These people looked up to Tarijatjiri, the men and boys of the Wulbunga, and as their leader, Tarijatjiri took his duties seriously, which was why on this night of dance he stood to one side and tried to understand what it was that made him uneasy.

Ochre outlines painted onto the skins of the dancers, with feathers attached by animal fat long horded, showed the care each man took to present himself to the β€œold ones”.

From his vantage Tarijatjiri could see the sea, the sky, and the land where the men danced and as he gazed around him there was nothing amiss. Yet still he was uneasy. The melodious β€˜r’ rurr r’ rurr r’ rurr’ of the dozen didgeridoos played in time to the pounding of the surf as it crashed onto the beach added to his unease.

As the dancers clapped the flats of two nulla-nullahs together, the sharp β€˜slap slap’ emphasizing the driving beat, Tanjatjiri turned back to the shadows where the sea met the sky and frowned.

And from deep within him came a guttural cry.

He began to run, his words of warning unable to compete with the ancient rhythms around him, of pounding feet and the fury of clapping wood sticks. It was the crescendo of the tribal dance and as Tanjatjiri ran his brain was filled with the sounds of the dancers, but still he heard it, above the sounds, louder than the sea and the earth combined, and he knew that his warning would come too late.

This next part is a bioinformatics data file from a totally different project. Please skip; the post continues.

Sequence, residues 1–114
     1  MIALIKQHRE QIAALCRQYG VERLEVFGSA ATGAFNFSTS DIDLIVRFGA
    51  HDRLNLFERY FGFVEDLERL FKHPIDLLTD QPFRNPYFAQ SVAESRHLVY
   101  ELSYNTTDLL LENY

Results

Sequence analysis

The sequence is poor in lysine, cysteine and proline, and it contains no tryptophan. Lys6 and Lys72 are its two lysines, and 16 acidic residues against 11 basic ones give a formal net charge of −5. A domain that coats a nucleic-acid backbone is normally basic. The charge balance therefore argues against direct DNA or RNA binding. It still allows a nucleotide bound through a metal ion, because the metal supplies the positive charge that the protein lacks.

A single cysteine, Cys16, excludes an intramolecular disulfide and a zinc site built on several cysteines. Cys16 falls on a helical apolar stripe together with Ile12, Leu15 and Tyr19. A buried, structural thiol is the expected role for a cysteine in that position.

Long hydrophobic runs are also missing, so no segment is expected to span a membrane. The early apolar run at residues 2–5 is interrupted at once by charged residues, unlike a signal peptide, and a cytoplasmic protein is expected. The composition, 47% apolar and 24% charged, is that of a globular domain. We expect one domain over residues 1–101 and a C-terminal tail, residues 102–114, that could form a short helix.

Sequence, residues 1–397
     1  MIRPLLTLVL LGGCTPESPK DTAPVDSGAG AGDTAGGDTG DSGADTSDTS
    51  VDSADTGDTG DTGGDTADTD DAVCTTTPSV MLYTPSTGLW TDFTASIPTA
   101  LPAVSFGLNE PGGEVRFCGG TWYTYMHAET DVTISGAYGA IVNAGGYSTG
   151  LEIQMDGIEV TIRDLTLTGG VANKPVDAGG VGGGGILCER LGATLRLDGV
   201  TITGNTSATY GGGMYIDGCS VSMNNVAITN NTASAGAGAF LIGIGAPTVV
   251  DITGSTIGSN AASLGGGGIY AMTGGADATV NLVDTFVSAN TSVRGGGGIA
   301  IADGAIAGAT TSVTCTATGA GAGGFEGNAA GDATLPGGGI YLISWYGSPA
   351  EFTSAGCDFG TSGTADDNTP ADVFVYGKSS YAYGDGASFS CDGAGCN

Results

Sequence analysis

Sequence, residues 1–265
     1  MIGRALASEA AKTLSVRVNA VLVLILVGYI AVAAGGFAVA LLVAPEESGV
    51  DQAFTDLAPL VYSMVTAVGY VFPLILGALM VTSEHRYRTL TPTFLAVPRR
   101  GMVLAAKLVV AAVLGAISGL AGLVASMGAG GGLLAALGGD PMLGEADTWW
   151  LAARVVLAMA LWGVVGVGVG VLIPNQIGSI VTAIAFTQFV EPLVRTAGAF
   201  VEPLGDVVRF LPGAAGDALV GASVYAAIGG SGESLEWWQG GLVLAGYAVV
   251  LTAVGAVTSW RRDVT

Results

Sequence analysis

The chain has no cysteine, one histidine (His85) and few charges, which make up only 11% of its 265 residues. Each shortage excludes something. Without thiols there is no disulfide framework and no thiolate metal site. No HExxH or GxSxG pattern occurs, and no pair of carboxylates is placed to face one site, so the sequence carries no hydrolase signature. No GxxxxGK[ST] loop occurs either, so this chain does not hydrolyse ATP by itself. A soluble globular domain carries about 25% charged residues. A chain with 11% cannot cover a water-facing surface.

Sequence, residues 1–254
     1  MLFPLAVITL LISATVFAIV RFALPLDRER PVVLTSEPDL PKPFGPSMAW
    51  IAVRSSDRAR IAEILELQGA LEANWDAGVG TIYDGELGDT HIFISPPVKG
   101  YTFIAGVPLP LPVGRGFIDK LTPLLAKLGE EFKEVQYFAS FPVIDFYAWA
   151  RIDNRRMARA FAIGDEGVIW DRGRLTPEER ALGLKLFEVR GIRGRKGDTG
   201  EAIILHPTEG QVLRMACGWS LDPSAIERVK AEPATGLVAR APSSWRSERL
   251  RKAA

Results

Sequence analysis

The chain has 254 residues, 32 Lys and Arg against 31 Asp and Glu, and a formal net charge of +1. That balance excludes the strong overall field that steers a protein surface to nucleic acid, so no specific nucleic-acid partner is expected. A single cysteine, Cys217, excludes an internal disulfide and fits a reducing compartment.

As the men of the Wulbunga tribe danced to a rhythm passed down from father to son for as long as Tanjatjiri could remember, the big wave struck.

 

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What are we doing to our kids? I arrive at school at 7.30am and already there are kids kicked back on the concrete like they’d always been there. I leave at 4.30pm and the quadrangle remains littered with student flotsam.

Are our schools places that inspire our kids to be all that they can be?

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it’s Saturday…the school holidays have begun…and our places of learning are silent.

But, without the camouflage of the everyday noises of a school day, their stories are exposed for all to see..

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It’s springtime in the tropics and the marigolds and nasturtiams are flowering, the cherry tomatoes are ripenings and the capscicums are starting to form. My garden is full of promise…

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And my current WIP? It, too, shows promise…but only constant nurturing and attention – and the promise of summer – will show if I get to reap the rewards of all my hard work.

How is your garden growing? Is it full of promise for the months ahead or is it dying of neglect? Only with hard work will you reap the rewards…